Online Shaming: Democratic, Anonymous, Lawless

This article is an excerpt from the Shortform book guide to "So You've Been Publicly Shamed" by Jon Ronson. Shortform has the world's best summaries and analyses of books you should be reading.

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Do you think online shaming is an effective form of punishment? What are the psychological consequences of being a victim of online shaming?

Some people argue that online shaming is just commentary because it can’t hand down “real” punishment. However, making people feel ashamed is one of the worst psychological punishments out there. 

Keep reading to learn about the phenomenon of online shaming.

The Rise of Online Shaming

Online shaming on social media differs from older forms of public punishment because it is democratic, anonymous, and lawless. Anyone can choose a target, and unlike a formal justice system where the accused has rights, online, no one has any rights. People can be punished without evidence and there’s no time limit on the punishment. 

Online shaming on social media can be a force for a good—the public can call out previously inaccessible people and companies for objectively despicable behavior. Online shaming can force change that would be time-consuming or impossible to win through the justice system. 

  • Example #1: After the death of gay singer Stephen Gately, Daily Mail columnist Jan Moir wrote that civil partnerships could never have happily-ever-afters. The public was so angry that Nestlé and Marks & Spencer pulled their advertising from the Daily Mail’s website and the paper lost money. 
  • Example #2: When a couple lost their jobs and could no longer afford their membership fees to LA Fitness, the company refused to cancel their membership. The internet rallied and LA Fitness allowed the cancellation. 

Online public shaming, while it does involve a digital “crowd,” may have a more complicated explanation than whatever scientists ultimately discover about crowd behavior. 

Another scientific principle that might have a hand in shamings that get out of control is feedback loops—responses to your behavior that inspire you to change it. For example, your Speed signs are a feedback loop because they tell you how fast you’re going, which gives you an opportunity to make a change—for instance, slow down if you’re breaking the speed limit. If you do make that change, you get immediate feedback again—the next “Your Speed” sign will show you’re driving at the right speed, and some signs will even congratulate you for this. Online shaming is a form of feedback loop—if you shame someone and are congratulated, that positively reinforces your behavior and you’ll probably keep on shaming. As the shaming grows, you’ll just keep seeing posts from people who agree with you and your social media feeds will become an echo chamber.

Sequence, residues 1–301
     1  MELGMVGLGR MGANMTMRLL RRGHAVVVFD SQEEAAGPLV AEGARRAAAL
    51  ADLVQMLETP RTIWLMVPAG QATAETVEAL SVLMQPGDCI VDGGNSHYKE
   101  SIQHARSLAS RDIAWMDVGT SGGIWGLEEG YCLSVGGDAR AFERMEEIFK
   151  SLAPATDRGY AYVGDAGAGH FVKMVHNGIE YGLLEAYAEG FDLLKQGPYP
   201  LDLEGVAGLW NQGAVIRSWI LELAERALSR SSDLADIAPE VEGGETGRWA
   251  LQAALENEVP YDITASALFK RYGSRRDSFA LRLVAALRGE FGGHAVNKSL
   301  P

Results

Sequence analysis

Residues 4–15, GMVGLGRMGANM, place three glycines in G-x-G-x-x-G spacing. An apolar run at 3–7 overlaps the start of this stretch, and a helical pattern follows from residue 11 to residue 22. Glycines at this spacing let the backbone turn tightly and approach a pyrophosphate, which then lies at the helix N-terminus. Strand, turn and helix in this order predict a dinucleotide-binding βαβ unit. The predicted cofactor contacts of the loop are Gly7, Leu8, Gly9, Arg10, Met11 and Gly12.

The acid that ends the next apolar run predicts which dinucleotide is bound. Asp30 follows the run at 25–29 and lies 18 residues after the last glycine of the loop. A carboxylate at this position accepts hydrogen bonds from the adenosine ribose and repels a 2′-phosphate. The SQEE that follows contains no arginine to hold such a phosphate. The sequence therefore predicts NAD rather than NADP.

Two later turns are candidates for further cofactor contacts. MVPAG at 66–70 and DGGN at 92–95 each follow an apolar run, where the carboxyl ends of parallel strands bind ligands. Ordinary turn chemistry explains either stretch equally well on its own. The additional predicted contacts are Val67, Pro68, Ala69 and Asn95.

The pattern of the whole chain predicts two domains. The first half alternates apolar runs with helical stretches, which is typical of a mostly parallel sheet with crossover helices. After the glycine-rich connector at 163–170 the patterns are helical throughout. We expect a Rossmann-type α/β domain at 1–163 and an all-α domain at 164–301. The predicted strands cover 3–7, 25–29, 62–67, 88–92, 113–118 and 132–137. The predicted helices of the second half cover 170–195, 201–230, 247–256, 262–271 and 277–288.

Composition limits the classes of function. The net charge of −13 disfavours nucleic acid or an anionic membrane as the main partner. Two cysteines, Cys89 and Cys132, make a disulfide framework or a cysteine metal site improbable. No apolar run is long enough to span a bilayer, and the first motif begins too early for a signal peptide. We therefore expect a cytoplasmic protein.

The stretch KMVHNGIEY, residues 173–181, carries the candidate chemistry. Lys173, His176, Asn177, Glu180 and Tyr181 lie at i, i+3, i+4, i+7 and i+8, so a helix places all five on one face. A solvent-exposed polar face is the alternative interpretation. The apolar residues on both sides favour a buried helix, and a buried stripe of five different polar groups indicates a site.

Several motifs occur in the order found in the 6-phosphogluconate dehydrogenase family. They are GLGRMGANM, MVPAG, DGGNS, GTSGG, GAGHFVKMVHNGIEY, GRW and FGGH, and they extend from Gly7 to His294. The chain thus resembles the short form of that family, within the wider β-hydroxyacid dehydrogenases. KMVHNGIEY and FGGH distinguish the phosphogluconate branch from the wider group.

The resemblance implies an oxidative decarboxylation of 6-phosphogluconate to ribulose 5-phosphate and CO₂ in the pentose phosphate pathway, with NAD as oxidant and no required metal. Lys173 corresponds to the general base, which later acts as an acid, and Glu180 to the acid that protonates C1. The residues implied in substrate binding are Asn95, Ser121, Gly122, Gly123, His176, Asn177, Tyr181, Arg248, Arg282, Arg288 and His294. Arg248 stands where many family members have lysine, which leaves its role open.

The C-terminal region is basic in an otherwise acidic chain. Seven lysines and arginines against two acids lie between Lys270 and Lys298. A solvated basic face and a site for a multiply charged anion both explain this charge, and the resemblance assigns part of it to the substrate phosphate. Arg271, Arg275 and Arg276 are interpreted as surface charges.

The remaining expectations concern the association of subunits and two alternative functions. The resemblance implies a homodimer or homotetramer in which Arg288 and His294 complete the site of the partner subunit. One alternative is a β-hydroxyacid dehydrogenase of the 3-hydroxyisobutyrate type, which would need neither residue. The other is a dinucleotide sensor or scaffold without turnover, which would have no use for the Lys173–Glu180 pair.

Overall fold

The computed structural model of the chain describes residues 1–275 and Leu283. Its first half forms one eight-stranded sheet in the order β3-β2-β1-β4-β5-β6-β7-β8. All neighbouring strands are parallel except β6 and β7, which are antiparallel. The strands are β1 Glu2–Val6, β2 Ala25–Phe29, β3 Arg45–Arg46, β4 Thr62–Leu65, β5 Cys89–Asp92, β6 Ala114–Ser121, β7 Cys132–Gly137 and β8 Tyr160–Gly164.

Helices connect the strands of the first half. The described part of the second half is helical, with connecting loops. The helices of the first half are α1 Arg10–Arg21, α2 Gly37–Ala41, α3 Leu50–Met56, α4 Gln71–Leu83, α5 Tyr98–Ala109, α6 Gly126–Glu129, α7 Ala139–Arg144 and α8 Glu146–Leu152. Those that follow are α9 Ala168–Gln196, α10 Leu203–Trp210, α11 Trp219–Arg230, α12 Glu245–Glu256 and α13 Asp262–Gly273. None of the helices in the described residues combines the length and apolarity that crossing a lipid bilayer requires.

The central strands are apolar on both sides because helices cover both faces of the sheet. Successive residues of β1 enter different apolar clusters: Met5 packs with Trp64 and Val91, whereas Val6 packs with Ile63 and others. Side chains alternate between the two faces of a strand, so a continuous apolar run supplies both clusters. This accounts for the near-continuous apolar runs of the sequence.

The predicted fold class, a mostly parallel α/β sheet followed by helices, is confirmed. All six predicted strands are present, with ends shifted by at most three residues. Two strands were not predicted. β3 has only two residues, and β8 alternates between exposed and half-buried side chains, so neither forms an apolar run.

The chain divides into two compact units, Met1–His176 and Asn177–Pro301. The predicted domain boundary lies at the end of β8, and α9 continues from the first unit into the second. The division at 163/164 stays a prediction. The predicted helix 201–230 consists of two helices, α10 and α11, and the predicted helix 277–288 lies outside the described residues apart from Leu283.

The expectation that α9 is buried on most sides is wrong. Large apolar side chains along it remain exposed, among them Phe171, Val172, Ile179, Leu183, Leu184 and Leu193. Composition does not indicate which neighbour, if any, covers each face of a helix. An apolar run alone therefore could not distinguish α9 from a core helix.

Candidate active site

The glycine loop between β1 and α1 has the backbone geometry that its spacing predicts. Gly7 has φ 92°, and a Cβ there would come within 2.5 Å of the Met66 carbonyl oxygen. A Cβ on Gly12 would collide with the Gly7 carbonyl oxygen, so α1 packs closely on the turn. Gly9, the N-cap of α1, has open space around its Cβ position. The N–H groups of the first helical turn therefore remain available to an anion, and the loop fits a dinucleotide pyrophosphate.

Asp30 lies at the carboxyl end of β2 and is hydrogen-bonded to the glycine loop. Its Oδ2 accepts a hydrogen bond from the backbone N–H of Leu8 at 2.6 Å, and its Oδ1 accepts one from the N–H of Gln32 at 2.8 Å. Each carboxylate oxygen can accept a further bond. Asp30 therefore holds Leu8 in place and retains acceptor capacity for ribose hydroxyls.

Online Shaming: Democratic, Anonymous, Lawless

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Here's what you'll find in our full So You've Been Publicly Shamed summary:

  • How public shaming can ruin people's lives
  • Why public shaming isn't just a way to get corporations to do the "right thing"
  • 6 strategies you can use if you're a victim of public shaming

Darya Sinusoid

Darya’s love for reading started with fantasy novels (The LOTR trilogy is still her all-time-favorite). Growing up, however, she found herself transitioning to non-fiction, psychological, and self-help books. She has a degree in Psychology and a deep passion for the subject. She likes reading research-informed books that distill the workings of the human brain/mind/consciousness and thinking of ways to apply the insights to her own life. Some of her favorites include Thinking, Fast and Slow, How We Decide, and The Wisdom of the Enneagram.

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